UNITED24 - Make a charitable donation in support of Ukraine!


Peoples of the Tsaratanana Massif and the Southwest

Madagascar Ethnic MapThe Antakarana, living on the Tsaratanana Massif and the northern tip of the island, make up 0.6 percent of the population. The topography of the region isolates them from the other Malagasy peoples. They are both cattle herders and tropical horticulturalists. The Antankarana (or Antakarana) is an ethnic group of Madagascar that inhabits the northern tip of Madagascar around Antsiranana. Their name means "the people of the tsingy," the limestone rock formations that distinguish their traditional territory. The tsingy of the Antankarana may be visited at the Ankarana Reserve. There were over 50,000 Antakarana in Madagascar as of 2013.

The Antankarana split off from the Sakalava in the early 17th century following a succession dispute. The group settled at the northern end of the island where they established sovereignty over and integrated the existing communities. During periods of conflict with Sakalava in the 17th century and the Kingdom of Imerina in the 19th century, the community periodically sought refuge in the natural stone shelters and caves of the modern Ankarana Reserve, eventually taking their name from the locale and holding it as sacred. In the early 19th century an Antankarana king signed a treaty with French envoys in Reunion that mobilized French troops to expel the Merina from Antankarana territory in exchange for French control over several small islands off Madagascar's west coast. They also aided the French in staging attacks on the Merina monarchy that resulted in the 1896 French colonization of Madagascar. The Antankarana are one of the few communities that continues to honor a single king and reaffirm his sacred ancestral role through traditional ceremonies that date back centuries.

They owned lots of cattle, which flourish well on the sweet grass that grows on the rocky slopes, and they cultivate cocoanuts, sugar-cane (to make into rum), bananas, ground-nuts, and the rufia palm, with which they build their houses and also make mats and a coarse kind of lamba or cloth, with which they clothe themselves. To one European visitor they seemed a very happy, idle people, with no ambition to be more than they are at present.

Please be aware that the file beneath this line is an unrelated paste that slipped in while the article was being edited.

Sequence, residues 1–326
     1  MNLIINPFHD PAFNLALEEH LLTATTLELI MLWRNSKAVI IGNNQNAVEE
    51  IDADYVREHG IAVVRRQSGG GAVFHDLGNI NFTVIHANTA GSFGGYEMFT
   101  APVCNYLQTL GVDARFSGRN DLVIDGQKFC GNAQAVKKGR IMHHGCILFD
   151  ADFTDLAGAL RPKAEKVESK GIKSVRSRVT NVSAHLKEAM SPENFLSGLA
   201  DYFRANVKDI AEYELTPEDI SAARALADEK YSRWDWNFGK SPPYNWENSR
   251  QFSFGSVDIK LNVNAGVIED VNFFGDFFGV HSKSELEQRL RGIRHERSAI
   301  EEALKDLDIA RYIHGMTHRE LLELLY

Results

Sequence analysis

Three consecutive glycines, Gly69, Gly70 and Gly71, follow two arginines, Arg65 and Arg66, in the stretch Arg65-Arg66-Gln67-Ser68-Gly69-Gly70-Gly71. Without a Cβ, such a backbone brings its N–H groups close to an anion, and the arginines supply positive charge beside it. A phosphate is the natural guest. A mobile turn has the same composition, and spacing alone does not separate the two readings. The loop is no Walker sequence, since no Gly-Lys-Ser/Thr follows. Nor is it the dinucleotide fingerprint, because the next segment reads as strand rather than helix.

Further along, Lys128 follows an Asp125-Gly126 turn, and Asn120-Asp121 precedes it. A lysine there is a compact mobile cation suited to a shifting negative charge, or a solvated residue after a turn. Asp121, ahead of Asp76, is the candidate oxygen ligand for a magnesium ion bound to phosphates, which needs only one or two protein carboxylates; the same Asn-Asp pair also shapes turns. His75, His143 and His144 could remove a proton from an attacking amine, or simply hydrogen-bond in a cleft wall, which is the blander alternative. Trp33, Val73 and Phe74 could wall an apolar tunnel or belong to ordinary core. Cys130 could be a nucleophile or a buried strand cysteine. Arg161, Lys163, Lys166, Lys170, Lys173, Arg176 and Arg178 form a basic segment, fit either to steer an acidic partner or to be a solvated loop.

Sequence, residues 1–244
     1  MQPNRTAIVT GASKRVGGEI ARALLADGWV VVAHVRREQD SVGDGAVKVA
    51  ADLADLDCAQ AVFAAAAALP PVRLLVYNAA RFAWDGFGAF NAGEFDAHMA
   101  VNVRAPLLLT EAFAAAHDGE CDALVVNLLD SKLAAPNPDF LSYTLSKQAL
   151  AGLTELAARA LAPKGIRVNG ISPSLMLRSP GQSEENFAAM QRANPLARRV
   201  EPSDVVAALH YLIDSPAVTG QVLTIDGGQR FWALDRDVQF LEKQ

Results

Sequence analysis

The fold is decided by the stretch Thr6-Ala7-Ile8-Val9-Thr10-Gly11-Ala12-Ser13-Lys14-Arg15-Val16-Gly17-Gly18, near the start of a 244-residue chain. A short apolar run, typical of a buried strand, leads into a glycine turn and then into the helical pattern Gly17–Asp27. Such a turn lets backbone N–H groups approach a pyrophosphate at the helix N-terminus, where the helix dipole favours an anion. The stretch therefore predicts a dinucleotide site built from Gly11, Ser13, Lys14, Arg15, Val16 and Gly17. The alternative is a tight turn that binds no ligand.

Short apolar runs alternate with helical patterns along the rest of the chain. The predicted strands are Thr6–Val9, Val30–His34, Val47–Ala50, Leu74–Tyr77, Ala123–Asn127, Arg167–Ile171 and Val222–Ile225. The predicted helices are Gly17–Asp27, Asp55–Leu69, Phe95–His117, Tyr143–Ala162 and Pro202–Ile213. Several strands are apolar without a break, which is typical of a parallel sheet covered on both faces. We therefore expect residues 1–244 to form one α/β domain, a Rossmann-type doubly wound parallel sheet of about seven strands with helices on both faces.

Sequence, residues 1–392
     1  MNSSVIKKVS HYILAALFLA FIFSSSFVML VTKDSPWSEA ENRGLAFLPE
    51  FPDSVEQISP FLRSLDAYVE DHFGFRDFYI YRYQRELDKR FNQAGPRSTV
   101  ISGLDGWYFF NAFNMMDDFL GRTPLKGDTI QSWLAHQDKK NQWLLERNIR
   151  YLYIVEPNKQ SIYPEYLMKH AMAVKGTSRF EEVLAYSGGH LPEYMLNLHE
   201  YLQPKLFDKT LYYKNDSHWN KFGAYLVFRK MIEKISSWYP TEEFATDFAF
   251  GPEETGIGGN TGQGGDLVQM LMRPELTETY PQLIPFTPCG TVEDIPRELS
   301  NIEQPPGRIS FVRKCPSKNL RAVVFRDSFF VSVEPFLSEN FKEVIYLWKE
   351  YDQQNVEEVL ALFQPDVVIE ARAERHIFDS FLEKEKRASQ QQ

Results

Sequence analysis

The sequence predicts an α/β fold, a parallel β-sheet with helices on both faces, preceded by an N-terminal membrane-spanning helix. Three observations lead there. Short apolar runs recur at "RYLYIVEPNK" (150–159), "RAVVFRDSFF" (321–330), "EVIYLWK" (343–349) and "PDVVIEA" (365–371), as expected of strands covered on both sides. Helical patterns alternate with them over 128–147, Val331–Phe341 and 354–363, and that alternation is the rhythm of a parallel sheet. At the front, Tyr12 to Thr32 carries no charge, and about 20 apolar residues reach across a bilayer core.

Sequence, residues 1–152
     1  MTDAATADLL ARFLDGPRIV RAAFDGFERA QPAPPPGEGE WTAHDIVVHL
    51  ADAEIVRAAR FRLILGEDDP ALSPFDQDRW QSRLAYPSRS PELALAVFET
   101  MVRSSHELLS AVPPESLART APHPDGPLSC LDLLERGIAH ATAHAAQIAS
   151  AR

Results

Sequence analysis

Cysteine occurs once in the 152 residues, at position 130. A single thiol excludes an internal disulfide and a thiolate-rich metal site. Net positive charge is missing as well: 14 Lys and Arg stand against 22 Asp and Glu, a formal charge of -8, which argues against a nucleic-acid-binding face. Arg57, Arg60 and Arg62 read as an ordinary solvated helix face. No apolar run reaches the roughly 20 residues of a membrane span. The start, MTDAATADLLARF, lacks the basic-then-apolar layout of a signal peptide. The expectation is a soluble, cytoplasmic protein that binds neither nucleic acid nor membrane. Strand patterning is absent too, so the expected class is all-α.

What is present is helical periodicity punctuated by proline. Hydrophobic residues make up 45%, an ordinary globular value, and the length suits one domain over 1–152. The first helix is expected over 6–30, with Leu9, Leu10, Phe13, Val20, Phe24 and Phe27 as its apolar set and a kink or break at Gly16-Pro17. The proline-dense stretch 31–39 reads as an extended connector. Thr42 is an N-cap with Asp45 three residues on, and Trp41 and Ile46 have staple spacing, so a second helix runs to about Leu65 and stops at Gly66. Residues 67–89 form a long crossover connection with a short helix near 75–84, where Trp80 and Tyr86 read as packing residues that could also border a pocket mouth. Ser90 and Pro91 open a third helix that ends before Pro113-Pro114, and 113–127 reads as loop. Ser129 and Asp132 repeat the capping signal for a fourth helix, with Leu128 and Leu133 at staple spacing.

The major peoples of the arid southwest region are the Mahafaly and the Antandroy, making up 1.6 and 5.4 percent of the population, respectively. The Mahafaly occupy a region between the Onilahy River to the north and the Menarandra River to the south, encompassing an area of some 45,000 square kilometers. The Antandroy territory lies to the east, a desert area full of cacti and thorn bushes. Its terrain makes their name, translated as "people of the thorns," especially apt.

Both peoples depend upon the raising of cattle. Limited cultivation is also practiced. The Antandroy region is especially poor, causing workers to migrate to other parts of the island to make a living. Along with cattle, the prickly pear cactus is vital to the people's livelihood. Its spiny growths have served as a source of water and nourishment and as a means of defense against outside invaders.

The Antandroy / Tandroy people live in the arid extreme-South of Madagascar. The name Androy indicates the area where they live and means "where there are thorns", "roy" referring to a particular mimosa with long thorns (Mimosa delicatula). They have adapted to a very inhospitable environment, covered with thorny bush and plagued with drought. It is a constant struggle to find water and famine is regular. Their immediate neighbors are the Mahafaly (west), Bara (north) and Tanosy (east).

The Tandroy are usually tall and strongly built, known for their fierceness and self-assurance. They are intrinsically a pastoral people, but also cultivate manioc, millet, maize, and sweet potatoes. Their villages are hidden from the main road tracks, characteristically behind living fences of cactus. Their history has not yet been conclusively researched. The first written record referring to them as "Antandroy" is by Robert Drury (1729), recounting his fifteen years of captivity among them. According to oral history, different clans invaded Androy in the eighteenth century from the east, north and northwest and put an end to the ruling dynasty of the Andriamañare. The Tandroy remained divided into numerous small entities, sometimes uniting their forces against common enemies, maintaining their independence vis-a-vis the Merina until 1903 when French troops and administrators arrived.

Join the GlobalSecurity.org mailing list

Page last modified: 12-10-2016 19:48:39 ZULU